RFC: Implement a sandbox for environment variables and files

RFC for PR 49387. It introduces some new command-line options to sandbox env!() and include!() directives.

This PR introduces some simple sandboxing for process environment variables and for include files (collectively “system environment”).

This is primarily to allow a build system to more precisely control the inputs to rustc which may affect the generated output. Rust has two mechanisms by which an input source can access ambient properties of rustc’s system environment: env!() and option_env!() for reading environment variables, and include!()/include_str!()/include_bytes!() for reading arbitrary files.

(This PR specifically does not intend to address any actual security concerns, since there are many other avenues that it does not attempt to control, such as compiler plugins/proc macros. However, it does help with unintentional problems which could result in later security problems if unaddressed.)

Environment Variables

rustc allows source code to directly access its process environment variables via the env!() and optional_env!() (pseudo-)macros. This poses a few of problems:

  • the build system has no idea what variables the code is using for the purposes of tracking its inputs
  • code can read arbitrary contents from arbitrary variables, which may pose unwanted information leakage (from build environment to final deployment environment, for example)
  • it combines the environment rustc needs for its own operation (PATH and LD_LIBRARY_PATH, for example) with environment the compiled code might want, and doesn’t allow them to be set independently

We introduce the following new command-line options to allow the apparent environment to be controlled at a fine-grain level:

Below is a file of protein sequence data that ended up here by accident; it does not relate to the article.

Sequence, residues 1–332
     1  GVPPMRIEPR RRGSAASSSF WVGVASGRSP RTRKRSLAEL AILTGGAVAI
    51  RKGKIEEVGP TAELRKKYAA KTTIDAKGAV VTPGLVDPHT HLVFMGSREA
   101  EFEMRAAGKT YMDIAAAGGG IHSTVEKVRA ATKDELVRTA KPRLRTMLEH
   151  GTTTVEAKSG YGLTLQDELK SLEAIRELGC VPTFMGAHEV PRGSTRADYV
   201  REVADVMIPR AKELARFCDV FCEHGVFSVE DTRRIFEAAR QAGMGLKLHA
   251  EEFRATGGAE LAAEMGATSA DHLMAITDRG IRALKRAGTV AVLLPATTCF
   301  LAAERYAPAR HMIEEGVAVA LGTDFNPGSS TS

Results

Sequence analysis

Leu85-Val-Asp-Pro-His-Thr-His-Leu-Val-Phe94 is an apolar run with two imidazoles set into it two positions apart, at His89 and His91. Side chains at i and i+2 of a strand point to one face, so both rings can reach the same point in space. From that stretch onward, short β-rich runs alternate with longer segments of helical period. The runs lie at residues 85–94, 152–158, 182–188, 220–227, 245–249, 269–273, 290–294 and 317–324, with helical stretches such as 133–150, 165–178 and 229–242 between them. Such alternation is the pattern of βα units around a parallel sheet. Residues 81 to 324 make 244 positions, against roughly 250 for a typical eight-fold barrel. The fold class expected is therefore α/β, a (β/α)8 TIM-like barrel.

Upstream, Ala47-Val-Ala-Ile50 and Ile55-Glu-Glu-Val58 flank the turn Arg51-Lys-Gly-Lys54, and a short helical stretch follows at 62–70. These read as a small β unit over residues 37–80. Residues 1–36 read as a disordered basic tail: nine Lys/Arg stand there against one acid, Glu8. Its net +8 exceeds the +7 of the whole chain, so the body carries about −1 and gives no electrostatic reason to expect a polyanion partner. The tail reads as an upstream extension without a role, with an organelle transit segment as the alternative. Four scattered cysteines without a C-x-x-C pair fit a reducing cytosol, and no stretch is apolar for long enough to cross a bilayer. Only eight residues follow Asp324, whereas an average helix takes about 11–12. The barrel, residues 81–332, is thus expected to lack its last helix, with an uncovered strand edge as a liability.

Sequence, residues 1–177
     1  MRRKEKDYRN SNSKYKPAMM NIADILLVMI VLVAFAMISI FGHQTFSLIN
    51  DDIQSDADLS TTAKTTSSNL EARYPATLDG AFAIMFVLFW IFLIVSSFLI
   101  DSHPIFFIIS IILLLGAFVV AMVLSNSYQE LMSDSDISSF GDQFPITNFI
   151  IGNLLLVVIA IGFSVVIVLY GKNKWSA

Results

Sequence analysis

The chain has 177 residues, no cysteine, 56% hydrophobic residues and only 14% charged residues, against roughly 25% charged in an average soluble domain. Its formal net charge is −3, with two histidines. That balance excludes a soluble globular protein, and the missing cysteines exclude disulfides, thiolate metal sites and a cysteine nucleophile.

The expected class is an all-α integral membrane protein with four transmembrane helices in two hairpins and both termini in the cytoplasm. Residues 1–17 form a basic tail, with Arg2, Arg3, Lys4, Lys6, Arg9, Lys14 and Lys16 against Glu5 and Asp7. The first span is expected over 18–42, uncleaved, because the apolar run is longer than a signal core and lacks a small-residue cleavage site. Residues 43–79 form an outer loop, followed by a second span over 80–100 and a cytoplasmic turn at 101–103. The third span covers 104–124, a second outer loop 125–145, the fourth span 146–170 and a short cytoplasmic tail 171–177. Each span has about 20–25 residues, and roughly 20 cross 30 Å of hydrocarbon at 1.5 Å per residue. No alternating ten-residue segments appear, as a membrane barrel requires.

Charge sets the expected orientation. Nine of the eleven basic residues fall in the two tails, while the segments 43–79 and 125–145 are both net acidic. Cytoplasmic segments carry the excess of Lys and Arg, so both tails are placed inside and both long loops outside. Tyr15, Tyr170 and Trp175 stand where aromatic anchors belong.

• --env-clear - completely empty the logical environment visible to env!()/optional_env!(), causing them to all fail/return None. Without any other options, this will completely disable environment variable access.
  • --env-allow NAME - allow a specific environment variable to be read from the process environment
  • --env-define NAME=VAL - define a logical environment variable. This does not need to be present in the actual process environment, or if it is, its value is overridden

By default, the environment is completely open, leaving the existing behaviour unchanged. Once one of the options above is specified, accesses to environment variables become controlled accordingly.


Rust allows arbitrary other files to be directly included, either as more Rust source code (include!()), a text string (include_str!()) or arbitrary binary data (include_bytes!()). These macros take a raw string which is used as a path which may be absolute - they therefore allow any file that rustc has permission to access to be used in the compiled output.

(This differs from separating a crate into multiple source files, as those files are always relative to the top-level lib.rs/main.rs source.)

This causes a couple of problems:

  • the build system can’t know or constrain what files are actually inputs to the compiler
  • the code can unintentionally leak state from the build environment to the deployment environment

To implement this, we introduce a couple of command-line options: